Greek students are being schooled in Islamophobia, experts warn
Nearly six in 10 Greeks admit to feeling hostile towards Muslims. Academics and pupils say this can only be changed in the classroom
Ever since Ahmed Rawdan entered the Greek public school system aged 10, he has had the same conversation with classmates: he had no intention of ever showing up at school wearing explosives; Jihad was not what most Muslims dream of; no, he was not part of a “great replacement” — the far-right theory that indigenous white populations are being “replaced” by non-white immigrants — as suggested by some pundits and politicians.
“Many say things like that either seriously or half joking. They see Muslims as a threat,” said Ahmed, 17, sitting in his family’s living room in a working-class area of Thessaloniki, Greece’s second largest city. Most will accept that their fears around Muslims are baseless after a conversation, he added.
Of the estimated 520,000 Muslims currently living in Greece, Ahmed and his family could be considered a case of successful integration. The Rawdans fled their home in Homs, Syria, in 2016 to escape Isis. Ahmed’s father runs an Arabic delicacies shop; his mother, Bayan, a former school teacher, works in a refugee child care program; his younger brother Gawad, 14, like Ahmed, speaks fluent Greek and attends a public school; his older sister, Hanin, is studying business administration at a private college in the city. However, each has their own experience of prejudice.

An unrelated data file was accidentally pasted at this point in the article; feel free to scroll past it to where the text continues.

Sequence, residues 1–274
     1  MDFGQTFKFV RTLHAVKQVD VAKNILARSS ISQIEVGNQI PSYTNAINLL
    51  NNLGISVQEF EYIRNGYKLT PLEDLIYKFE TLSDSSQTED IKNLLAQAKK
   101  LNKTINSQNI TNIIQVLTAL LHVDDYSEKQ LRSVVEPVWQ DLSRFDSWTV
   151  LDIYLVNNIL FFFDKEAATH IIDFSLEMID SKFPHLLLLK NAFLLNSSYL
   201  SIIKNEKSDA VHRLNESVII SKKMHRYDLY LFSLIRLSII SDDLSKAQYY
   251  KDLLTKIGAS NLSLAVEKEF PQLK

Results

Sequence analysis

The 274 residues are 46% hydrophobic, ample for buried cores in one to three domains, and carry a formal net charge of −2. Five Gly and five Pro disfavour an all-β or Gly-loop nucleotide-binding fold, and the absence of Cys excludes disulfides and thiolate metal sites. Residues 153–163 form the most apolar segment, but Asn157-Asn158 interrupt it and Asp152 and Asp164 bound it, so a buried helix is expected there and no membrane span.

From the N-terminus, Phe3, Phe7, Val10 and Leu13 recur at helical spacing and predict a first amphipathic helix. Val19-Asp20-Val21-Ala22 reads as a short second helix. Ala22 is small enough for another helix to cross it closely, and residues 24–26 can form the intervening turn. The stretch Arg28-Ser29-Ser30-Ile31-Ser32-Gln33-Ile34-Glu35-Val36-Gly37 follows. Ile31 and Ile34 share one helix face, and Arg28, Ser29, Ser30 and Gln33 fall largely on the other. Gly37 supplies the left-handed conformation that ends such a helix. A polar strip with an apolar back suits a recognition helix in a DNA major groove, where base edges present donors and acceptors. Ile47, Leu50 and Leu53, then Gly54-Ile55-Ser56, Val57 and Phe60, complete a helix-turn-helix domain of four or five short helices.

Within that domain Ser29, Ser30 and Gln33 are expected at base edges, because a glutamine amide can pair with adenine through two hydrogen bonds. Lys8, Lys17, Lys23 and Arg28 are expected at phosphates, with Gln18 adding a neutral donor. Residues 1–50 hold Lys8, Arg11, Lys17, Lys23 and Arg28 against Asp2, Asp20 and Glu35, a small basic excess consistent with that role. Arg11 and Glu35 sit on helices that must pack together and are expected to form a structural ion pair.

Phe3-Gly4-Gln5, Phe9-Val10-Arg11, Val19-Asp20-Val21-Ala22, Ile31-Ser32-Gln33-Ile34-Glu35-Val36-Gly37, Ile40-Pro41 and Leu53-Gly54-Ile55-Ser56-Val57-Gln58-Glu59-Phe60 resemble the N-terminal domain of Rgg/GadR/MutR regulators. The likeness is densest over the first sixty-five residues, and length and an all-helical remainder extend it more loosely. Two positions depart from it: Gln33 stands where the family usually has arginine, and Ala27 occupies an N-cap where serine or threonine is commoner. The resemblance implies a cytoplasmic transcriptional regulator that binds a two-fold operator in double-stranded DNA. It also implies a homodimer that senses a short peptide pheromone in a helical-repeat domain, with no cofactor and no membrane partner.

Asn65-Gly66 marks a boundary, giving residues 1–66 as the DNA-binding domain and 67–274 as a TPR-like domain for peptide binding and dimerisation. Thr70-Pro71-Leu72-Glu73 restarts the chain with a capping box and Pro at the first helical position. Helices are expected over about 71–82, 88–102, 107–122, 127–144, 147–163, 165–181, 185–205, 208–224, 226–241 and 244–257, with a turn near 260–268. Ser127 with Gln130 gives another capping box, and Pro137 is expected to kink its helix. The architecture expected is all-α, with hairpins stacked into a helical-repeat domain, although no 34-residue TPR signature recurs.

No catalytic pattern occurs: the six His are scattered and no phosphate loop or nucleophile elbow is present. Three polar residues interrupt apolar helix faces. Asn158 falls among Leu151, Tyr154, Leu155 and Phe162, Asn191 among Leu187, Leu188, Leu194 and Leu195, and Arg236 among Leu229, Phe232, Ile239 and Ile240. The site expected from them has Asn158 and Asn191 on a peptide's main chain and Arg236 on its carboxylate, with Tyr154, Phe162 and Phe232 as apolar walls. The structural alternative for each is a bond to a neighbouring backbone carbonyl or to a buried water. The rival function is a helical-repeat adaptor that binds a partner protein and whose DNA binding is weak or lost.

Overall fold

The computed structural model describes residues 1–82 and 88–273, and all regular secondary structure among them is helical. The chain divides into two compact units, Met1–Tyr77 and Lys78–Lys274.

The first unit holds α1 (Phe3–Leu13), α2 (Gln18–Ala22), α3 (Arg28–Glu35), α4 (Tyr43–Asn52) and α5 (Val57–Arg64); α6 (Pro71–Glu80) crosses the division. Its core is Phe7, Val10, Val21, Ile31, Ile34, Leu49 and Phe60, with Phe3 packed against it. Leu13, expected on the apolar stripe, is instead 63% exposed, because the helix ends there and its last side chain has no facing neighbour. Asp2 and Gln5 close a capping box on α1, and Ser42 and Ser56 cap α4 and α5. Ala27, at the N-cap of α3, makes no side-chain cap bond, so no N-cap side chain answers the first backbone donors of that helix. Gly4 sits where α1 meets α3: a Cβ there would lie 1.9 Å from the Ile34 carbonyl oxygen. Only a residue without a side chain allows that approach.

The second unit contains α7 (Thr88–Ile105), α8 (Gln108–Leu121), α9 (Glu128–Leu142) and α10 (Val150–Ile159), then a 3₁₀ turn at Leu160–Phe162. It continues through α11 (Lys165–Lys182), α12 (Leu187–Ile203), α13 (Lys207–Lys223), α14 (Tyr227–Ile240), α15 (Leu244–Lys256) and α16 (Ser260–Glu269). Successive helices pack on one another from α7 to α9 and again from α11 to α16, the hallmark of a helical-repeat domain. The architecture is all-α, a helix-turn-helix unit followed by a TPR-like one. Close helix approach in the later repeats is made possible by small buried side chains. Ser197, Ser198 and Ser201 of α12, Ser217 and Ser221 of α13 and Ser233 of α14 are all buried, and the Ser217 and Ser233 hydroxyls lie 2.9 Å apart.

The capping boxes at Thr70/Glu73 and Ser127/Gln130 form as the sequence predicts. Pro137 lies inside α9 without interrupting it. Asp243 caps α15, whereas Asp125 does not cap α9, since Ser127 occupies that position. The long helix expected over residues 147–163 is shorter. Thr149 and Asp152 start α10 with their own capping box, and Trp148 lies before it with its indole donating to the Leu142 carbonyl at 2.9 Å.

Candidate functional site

With 90% of the Greek population identifying themselves as Christian Orthodox, nearly six in 10 (57%) hold negative perceptions of Muslims, among the highest rates in Europe. Following the last national elections in June 2023, three far-right parties campaigning on anti-Muslim rhetoric are now represented in parliament for the first time since 1974. Islamophobia is a problem in Greece.
Alexandros Sakellariou, a lecturer in sociology at the Hellenic Open University, explains this fear of Islam is deeply rooted. The region of the modern Greek state was occupied by the Muslim Ottoman empire for 400 years until the Greek War of Independence in 1821. The arrival of more than one million asylum seekers — most from war-torn Muslim countries — between 2015-16, alongside Greece’s ongoing conflict with its neighbour Turkey, has only aggravated this historic hostility.
Education is widely accepted to be crucial in tackling prejudice. The Organisation for Security and Cooperation in Europe’s guidelines for educators highlight the importance of education in “promoting mutual understanding and respect”. The Council of Europe has advised that even countries where one religion predominates should teach about all religions “rather than favour a single one or encourage proselytising”.
Greece may have been one of the first nations to join the council of Europe, but “mutual understanding” is not an educational priority here. Among the ministry of education’s publicly listed goals for its religious education [RE] curriculum is that students “recognise and realise the importance of the Orthodox Christian tradition”. A survey conducted by Greek pollsters Public Issue in 2010 found that eight in 10 Greeks admitted to knowing very little about Islam’s teachings and customs.